Kinsey Institute researchers partnered with Match, an online dating service, to survey 5,000 singles from the general U.S. population ages 18 to 98 about their attitudes towards sex, love and relationships. Kinsey Institute researcher and Match science advisor Helen Fisher said the 2021 study published Nov. 9 reveals U.S. singles reconsidered what they want in romantic relationships during COVID-19.
According to the study, 83% of singles want emotional maturity in a partner over physical attractiveness. Only 78% said they want physical attractiveness compared to 90% in 2020.
“Singles have dramatically changed what they are looking for in a partner,” Fisher said. “I have been talking about romance for 40 years and I've never used this word before, but the word is historic. It's an absolutely historic change.”
For over a decade, Fisher asked survey participants what they’re looking for in a partner and gave them about 30 qualities to choose from. Generally, she said “physical attraction” ranks at least in the top five, if not number one. This year, it’s number 10. Instead, singles checked boxes like “someone they can trust and confide in,” “someone that can make them laugh” and “someone open-minded and accepting of differences.”
“The bad boy is out,” Fisher said. “The bad girl is out. Emotional maturity is the new sexy.”
The study describes a “grown-up glow up” during the pandemic. Singles not only re-focused their love life on stable partnerships, but 66% said they improved at “caring for their mental health,” and 72% improved at “prioritizing important things in their lives."
Fisher explains this shift toward emotional maturity with what she calls “post-traumatic growth.”
“Everybody had 18 months to sit around in a very small space and think about things,” Fisher said. “Everybody's been really quite scared, and I think when you're scared you think carefully about yourself, about the people that you love and about what you want in life.”
Fisher said she’s observed a trend toward valuing self-improvement and meaningful relationships across all generations, but Gen Z and Millennials are leading the change. According to the study, only 16% of Gen Z singles are interested in dating casually. 71% are more interested in meaningful committed relationships compared to how they felt before the pandemic.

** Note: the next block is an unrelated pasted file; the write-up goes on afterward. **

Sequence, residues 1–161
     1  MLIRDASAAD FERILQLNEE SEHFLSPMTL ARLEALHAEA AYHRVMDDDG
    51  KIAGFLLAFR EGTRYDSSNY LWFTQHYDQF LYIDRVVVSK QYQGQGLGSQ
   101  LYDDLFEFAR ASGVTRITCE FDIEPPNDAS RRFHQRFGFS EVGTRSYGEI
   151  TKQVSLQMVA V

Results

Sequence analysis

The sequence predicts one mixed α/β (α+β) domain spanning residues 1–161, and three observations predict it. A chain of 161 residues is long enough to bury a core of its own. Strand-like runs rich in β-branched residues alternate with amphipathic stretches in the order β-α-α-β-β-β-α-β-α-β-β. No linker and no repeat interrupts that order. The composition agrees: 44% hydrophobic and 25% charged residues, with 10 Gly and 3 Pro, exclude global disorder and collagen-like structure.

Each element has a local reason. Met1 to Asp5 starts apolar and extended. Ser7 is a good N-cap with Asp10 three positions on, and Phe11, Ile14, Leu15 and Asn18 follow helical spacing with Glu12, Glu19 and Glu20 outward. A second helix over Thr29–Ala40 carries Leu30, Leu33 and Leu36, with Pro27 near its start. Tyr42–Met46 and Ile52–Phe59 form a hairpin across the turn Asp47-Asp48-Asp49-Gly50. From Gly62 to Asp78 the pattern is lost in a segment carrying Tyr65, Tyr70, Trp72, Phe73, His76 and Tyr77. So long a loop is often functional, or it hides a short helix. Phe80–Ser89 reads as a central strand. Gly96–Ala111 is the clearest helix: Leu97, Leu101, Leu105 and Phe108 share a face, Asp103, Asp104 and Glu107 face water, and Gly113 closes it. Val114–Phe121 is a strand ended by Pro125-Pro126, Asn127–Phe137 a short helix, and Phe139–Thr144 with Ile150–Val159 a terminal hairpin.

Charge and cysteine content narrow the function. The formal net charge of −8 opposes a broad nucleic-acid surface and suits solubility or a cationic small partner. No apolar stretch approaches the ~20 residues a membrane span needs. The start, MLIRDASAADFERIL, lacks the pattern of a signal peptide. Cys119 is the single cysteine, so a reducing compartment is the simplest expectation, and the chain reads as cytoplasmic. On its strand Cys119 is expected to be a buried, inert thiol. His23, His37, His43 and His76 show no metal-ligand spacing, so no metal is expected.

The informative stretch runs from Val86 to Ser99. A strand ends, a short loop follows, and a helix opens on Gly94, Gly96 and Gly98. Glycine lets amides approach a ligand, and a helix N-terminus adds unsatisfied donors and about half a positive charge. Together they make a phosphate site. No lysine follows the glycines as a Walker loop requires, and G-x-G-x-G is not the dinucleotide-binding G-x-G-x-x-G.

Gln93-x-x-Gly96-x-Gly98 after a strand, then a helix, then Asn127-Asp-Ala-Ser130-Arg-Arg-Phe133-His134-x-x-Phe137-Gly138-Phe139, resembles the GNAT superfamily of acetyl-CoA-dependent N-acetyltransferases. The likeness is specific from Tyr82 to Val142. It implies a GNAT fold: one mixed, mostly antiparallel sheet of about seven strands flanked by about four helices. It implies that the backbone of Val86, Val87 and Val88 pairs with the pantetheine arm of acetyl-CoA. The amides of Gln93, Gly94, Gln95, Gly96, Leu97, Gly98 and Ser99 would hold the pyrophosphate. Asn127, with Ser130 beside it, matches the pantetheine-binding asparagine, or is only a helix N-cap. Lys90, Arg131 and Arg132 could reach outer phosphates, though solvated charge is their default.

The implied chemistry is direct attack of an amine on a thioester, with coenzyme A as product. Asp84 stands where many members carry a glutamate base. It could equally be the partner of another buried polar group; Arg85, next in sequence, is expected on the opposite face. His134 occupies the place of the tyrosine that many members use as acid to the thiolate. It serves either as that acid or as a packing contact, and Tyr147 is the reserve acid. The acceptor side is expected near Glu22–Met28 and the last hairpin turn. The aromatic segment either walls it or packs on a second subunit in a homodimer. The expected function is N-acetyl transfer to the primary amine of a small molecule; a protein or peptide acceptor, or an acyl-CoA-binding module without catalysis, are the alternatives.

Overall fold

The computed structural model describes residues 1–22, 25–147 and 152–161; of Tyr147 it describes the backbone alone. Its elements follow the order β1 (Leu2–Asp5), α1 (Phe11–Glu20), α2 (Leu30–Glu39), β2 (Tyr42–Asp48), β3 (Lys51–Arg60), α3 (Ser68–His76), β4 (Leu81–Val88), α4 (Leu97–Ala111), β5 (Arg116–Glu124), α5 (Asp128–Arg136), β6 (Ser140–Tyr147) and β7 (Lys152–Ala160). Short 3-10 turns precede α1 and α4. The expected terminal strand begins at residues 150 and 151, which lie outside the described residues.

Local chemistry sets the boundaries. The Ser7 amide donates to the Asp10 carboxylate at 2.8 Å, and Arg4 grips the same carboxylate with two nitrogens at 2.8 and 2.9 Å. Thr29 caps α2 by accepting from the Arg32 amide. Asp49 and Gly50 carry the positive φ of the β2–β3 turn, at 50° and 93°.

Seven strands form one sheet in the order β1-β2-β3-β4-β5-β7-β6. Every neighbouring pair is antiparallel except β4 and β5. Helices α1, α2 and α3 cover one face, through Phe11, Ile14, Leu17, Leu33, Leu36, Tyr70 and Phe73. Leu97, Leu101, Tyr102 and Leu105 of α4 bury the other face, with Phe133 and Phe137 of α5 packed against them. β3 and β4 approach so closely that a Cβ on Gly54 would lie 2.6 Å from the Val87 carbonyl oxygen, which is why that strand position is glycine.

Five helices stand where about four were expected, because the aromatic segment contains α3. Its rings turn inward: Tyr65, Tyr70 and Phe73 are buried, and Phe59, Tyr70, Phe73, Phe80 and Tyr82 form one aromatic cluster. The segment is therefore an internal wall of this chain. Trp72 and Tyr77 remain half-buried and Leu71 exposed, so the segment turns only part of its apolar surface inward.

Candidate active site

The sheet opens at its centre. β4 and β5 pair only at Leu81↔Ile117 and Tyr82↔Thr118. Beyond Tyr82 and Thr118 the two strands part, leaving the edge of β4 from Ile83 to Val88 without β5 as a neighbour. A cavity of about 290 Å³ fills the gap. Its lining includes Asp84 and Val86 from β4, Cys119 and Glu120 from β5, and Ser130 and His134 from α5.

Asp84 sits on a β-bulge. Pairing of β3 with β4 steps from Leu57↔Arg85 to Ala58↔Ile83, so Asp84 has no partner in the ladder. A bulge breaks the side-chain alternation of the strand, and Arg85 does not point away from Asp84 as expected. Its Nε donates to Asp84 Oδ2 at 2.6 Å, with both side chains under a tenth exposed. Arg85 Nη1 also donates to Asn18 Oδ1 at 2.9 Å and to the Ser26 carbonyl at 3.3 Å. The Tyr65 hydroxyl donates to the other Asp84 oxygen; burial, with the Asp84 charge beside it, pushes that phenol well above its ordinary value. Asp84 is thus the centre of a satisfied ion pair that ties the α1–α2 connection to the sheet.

Despite the stereotype of “hookup culture,” Fisher said the study results show younger generations today are increasingly interested in long-term partnerships and are cautious about finding the right match. Gen Z and Millenials have slowed down the dating process to spend more time getting to know potential partners before committing to a relationship. She said online dating may be a new stage in this timeline, but it does not prevent meaningful connections.
IU sophomore Samantha England said she, like many college students, started using dating apps last year as her primary avenue of dating.
“I never thought of myself as a big online dating person, but because of COVID, that seemed like the only way to meet people,” England said. “I would meet people in some of my Zoom classes, even over the private chat on Zoom, because that was the most social interaction.”
England said she’s more likely to match with someone on Tinder if they seem like a kind and open-minded person rather than based on their physical appearance. But she said she often questions if other students have the same priorities, so this year’s survey results make her hopeful for the future of dating culture at IU.
“I've always equated my appearance and my body and people being attracted to me with my worth as a person,” England said. “That was just really hurtful, especially growing up. The fact that young people care less about looks and more about personality means that less people will have to feel like that.”
As for Fisher, she said she’s hopeful if such trends among younger generations continue, they will lead to healthier relationships that may transform the social landscape of the U.S.
“It's exciting to me because you guys are ushering in what could be several decades of relative family stability,” Fisher said. “We really could see not just a reset for Gen Z and Millennials but for society at large.”